The web server keeps a record of every file that is requested by a browser, including requests for non-existent files. This information is stored in log files, one for each day (midnight to midnight). Each line in a log file represents a request for a single file. Note that a single web page (.HTM, .HTML, or .ASP file) may refer to many other files, typically graphical images (.GIF, .JPG, etc.). Each file requested (i.e. each line of the log file) is referred to as a single hit. This can lead to an overestimation of how busy our site is since individual pages may request different numbers of supporting files, but we are interested only in the number of complete pages viewed.
It is important to think in terms of page requests (how many pages were looked at) rather than hits (how many files were requested) to get an accurate picture of how busy the site is.
This report provides a day-by-day plot of the total number of pages requested. Look here for unusually busy or quiet days. A high number of requests might indicate a hack attempt or misbehaving bot or downloader, whereas a low number suggests that the server or the network was not performing properly.
This report indicates the distribution of the various outcomes of all hits. We want the values to be at least consistent, but there should be few codes beginning in the 400 and 500 range, since these indicate errors.
This report indicates the distribution of time taken for each page to be delivered to the host (visitor). Again we want consistency here, and preferably the majority of requests to have taken only a short time. Note that large pages will naturally take a long time to deliver. If there is a sudden change in the distribution, or a large number of pages are taking a long time, then something is amiss.
This report shows which pages were requested. It's not so useful for troubleshooting (except when a misbehaving visitor is particularly interested in a selection of files), but it is useful for identifying popular and unpopular files, so that we can maximise the popularity of our pages.
By monitoring failed attempts, we can discover obsolete content and broken links.
This is not the most useful report, but it does give an overview of the distribution of different file types being requested. The values should be fairly consistent, so look for sudden changes to detect problems.
This lists the IP names or numbers of the computers used to visit our web site. Note that this can be misleading; sometimes, the machine is actually a proxy server through which multiple different people may visit our site. This report can also be used to spot misbehaving machines since they will have a disproportionately high number of hits (although the machine might be a proxy server).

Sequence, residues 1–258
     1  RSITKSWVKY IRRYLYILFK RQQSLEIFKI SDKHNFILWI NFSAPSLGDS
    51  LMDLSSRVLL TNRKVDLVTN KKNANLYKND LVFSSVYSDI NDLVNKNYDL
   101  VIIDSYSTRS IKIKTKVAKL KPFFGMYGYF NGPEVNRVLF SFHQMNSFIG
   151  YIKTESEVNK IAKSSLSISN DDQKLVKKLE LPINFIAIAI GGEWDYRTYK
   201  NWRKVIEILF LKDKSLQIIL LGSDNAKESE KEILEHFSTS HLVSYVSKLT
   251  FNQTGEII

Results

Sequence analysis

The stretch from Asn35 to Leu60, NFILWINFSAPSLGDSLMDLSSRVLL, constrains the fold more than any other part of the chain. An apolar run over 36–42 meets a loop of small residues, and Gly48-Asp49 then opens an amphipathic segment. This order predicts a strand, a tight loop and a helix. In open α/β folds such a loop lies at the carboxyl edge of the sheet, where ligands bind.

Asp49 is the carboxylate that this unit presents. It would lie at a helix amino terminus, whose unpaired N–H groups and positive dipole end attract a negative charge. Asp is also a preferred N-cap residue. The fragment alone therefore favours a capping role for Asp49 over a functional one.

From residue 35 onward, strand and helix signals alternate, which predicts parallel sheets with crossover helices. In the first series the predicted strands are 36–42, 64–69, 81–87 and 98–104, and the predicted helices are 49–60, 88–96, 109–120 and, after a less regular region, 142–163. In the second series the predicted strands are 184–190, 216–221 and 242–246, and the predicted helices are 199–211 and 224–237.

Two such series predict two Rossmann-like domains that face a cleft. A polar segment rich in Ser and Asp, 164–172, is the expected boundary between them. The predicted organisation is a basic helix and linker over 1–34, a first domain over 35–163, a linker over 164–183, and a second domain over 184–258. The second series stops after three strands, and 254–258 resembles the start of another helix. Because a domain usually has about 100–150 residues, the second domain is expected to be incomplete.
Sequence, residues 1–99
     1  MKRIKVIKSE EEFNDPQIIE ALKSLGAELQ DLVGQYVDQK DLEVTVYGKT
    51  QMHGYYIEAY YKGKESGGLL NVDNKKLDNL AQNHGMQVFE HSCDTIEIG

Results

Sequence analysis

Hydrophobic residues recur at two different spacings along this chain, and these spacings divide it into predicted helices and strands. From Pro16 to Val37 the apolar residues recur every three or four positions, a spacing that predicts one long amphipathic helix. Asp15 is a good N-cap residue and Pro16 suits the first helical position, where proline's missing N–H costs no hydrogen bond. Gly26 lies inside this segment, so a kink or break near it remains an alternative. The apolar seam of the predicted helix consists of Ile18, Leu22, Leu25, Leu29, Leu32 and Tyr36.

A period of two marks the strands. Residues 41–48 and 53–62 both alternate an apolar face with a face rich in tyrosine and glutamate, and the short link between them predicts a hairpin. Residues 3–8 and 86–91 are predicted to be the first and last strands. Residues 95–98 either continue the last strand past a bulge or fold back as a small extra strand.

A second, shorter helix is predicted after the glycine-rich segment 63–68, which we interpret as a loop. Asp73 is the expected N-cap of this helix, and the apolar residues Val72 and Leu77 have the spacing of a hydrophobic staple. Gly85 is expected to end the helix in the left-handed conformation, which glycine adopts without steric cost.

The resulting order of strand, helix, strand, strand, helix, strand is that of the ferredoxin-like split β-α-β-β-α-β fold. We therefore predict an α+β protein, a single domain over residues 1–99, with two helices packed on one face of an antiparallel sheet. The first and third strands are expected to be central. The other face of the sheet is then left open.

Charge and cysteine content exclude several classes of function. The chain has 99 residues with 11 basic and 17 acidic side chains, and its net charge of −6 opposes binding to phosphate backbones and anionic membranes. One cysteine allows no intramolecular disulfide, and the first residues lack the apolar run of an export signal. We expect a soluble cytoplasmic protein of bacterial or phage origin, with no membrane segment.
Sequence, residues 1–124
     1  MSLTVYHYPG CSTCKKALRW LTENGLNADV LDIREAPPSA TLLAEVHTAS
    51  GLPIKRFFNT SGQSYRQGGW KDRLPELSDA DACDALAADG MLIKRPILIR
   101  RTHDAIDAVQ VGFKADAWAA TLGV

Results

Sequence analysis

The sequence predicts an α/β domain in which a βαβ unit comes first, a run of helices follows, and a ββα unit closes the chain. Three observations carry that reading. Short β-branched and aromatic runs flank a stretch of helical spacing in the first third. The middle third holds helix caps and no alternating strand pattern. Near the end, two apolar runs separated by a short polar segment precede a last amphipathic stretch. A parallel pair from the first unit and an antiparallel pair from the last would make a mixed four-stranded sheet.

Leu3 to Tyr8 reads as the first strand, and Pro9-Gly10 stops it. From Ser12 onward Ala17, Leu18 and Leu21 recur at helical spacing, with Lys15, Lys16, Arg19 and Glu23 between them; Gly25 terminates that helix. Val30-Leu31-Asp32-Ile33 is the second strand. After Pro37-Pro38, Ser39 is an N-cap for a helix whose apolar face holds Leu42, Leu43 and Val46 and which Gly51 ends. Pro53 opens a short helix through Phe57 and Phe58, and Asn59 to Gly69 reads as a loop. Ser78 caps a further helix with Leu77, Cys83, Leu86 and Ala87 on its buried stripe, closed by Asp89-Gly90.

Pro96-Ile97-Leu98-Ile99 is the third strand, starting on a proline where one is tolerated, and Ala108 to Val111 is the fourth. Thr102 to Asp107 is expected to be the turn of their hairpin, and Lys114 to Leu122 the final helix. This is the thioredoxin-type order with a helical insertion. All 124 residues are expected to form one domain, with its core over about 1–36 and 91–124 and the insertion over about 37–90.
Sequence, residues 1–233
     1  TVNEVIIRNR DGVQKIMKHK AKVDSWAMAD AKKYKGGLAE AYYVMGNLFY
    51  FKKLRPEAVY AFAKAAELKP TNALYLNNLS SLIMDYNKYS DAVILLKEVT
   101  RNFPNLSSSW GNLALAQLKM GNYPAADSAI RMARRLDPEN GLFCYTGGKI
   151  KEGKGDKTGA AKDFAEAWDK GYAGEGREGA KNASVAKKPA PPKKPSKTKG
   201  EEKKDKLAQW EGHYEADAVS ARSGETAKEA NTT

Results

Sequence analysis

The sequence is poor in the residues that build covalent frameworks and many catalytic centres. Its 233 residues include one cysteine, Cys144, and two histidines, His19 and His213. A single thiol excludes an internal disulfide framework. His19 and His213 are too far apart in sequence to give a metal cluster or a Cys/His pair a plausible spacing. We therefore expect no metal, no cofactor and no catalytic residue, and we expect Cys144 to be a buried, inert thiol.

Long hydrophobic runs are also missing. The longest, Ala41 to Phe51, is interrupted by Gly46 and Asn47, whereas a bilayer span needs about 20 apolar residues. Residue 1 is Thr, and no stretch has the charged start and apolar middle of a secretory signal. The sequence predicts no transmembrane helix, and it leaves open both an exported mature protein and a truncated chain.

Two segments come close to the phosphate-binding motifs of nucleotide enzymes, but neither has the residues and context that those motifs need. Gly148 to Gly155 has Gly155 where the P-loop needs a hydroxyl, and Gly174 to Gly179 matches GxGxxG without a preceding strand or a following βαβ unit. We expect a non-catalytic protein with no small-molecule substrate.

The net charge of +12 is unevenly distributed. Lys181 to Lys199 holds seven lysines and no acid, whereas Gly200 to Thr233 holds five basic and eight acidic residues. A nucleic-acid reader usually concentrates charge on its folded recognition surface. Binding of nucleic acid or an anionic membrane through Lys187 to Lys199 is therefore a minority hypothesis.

This report lists the pages that brought visitors to our site by having links to our site on their pages. It is useful to identify these sites in order to increase the popularity of our site. Also, it should be monitored for log-spammers; these are programs that generate hits on our web site pretending to be from some site, but the site is usually a marketing site and the hits are intended merely to create a link to the marketing site in our site's pages (the usage statistics), making it look as if we endorse their site.
These reports list the browser software used by our visitors. The report is a detailed breakdown of the most common browsers. The report is particularly useful for identifying robots, whilst the summary is most useful for ensuring that our web pages are compatible with our visitor's software since there is variation between the various browser's interpretation of web pages.
This report lists the operating system running on the computer that made a request to our web site. It is not critical, but does provide an additional means of seeing what software our visitors are running so that we can ensure our web pages are compatible with our visitors' systems.
To run the analysis configuration automatically, we use a batch file. The batch file calls analog and specifies the correct log files to process. To make the processing faster, we tell Analog to look at only the log files within the dates that we are interested in. Our analysis is run on the previous ten days, so we look at all log files from the current and previous months (since the last ten days may include days in last month). We could be more sophisticated and specify only log files from the last ten days, but this would require specifying each day number meaning that every file would have to be mentioned in the parameter list.
To specify the log file parameters, we obtain the date in yymmdd format and place it into an environment variable. This is achieved using two utility programs I wrote for the purpose (ncecho, and ymd). Creating the environment variable is performed in a separate, temporary, batch file. Once Analog has all the log files it needs, it is easy to restrict the analysis period to the previous ten days, using the following commands in the configuration file:
FROM -00-00-10 TO -00-00-01
We run a variety of different analyses, each with its own configuration file. The individual configuration files override the settings in the default configuration file (analog.cfg). The main part of the batch file is shown below: